Others, like Stephen Schneck, director of the Institute for Policy Research and Catholic Studies at the Catholic University of America, saw Kelley making “a huge impact in the Catholic outreach efforts” of the Faith-based office, telling NCR in June 2011 that her office had “become a focal point for Catholic engagement with the administration.”
That engagement sought to build and strengthen ties between faith-based community organizations and the government, through initiatives such as vaccine access, childhood obesity, disaster response and adoption. She also worked to highlight Catholic education, and called one of her proudest accomplishments providing outreach and engagement for the Affordable Care Act's Pregnancy Assistance Fund. The fund received $27 million to support pregnant and parenting teens and women, including domestic violence victims, in 17 states.
Her time at the White House also corresponded with the contentious HHS mandate requiring health insurance policies include contraception coverage.
Kelley, though connected to the two government offices at the center of the debate, said the mandate fell outside her office’s primary responsibilities, saying she was hopeful an agreement that satisfies all parties can be reached. With her responsibilities now at FADICA, she added, “I’m always willing to serve the wider church and the common good as a bridge builder, as that’s appropriate to my new role.”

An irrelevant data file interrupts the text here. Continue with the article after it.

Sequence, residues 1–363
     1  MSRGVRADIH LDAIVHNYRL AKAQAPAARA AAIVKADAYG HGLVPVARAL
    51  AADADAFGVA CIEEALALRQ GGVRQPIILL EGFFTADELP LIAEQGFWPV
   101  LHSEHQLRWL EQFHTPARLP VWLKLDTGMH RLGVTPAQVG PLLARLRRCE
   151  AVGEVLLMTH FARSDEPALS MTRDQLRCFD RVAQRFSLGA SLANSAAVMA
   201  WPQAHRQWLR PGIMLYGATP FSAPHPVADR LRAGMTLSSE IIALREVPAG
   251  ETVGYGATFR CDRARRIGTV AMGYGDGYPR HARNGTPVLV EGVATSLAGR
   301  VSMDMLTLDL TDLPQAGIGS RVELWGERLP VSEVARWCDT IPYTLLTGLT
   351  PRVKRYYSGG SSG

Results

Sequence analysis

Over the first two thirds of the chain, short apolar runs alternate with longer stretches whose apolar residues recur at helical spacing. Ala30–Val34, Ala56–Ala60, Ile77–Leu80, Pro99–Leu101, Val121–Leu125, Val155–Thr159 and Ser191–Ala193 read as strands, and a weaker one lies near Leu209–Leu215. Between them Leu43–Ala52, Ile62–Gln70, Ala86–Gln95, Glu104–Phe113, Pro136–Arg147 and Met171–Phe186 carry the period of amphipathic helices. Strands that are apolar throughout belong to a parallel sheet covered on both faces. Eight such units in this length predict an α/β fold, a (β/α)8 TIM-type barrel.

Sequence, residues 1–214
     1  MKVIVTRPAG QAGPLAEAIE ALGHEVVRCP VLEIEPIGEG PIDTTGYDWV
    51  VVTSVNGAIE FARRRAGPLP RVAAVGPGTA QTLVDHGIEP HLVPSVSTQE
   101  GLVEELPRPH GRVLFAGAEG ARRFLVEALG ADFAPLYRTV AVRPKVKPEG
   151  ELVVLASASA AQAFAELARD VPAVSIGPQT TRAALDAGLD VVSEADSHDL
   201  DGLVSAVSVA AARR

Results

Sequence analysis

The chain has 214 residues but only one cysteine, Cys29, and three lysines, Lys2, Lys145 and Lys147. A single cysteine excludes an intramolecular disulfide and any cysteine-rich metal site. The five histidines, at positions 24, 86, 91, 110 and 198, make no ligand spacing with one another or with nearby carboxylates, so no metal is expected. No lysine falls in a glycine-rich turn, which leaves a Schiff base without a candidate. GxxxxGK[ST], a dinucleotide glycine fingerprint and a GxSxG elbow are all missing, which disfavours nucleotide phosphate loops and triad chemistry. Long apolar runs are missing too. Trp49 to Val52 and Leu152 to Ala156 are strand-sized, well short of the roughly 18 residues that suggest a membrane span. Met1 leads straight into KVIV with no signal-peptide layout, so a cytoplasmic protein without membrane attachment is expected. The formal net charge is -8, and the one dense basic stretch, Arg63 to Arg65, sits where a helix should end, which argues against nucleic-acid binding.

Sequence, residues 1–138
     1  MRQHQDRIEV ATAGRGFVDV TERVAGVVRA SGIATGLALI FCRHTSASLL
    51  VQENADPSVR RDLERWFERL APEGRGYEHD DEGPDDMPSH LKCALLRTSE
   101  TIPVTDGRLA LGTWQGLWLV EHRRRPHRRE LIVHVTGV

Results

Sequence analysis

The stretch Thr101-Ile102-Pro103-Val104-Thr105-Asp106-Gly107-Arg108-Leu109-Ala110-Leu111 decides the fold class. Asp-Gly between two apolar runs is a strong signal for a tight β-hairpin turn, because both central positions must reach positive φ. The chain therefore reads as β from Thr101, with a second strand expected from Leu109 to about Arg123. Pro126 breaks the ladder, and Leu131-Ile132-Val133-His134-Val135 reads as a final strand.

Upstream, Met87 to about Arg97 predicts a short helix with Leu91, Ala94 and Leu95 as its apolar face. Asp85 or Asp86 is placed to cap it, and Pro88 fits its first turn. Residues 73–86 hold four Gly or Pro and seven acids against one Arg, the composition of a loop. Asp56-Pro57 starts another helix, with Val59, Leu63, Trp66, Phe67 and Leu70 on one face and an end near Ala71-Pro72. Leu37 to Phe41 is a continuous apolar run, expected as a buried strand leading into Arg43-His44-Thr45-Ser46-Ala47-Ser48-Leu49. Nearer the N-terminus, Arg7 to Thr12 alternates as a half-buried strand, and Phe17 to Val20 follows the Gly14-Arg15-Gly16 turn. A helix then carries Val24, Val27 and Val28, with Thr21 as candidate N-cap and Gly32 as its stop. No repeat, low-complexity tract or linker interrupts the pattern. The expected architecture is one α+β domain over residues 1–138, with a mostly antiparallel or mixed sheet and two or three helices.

That new role has Kelley acting as a liaison, connecting FADICA member donors who share similar agenda, while bringing the larger member base together in a consortium for learning opportunities at its symposia.
Making connections is an important part of the position, said Raskob, adding “you really do have an ability to make a difference in the church if you can bring together the right people.”
Duffy believes Kelley’s skill set and leadership, combined with her broad-reaching network, will bolster FADICA’s mission to address the church’s needs through philanthropy.
“She will bring many different lenses [of Catholic social teaching] in terms of that network that can better inform us as grant makers as we try to provide grant making that will partner in the mission of the church,” she said.
“I’m very enthusiastic just that she’ll continue Frank’s good work for a new generation, and will continue to animate the work of the church for these funders,” Raskob said.
[Brian Roewe is an NCR Bertelsen intern. His email address is firstname.lastname@example.org.]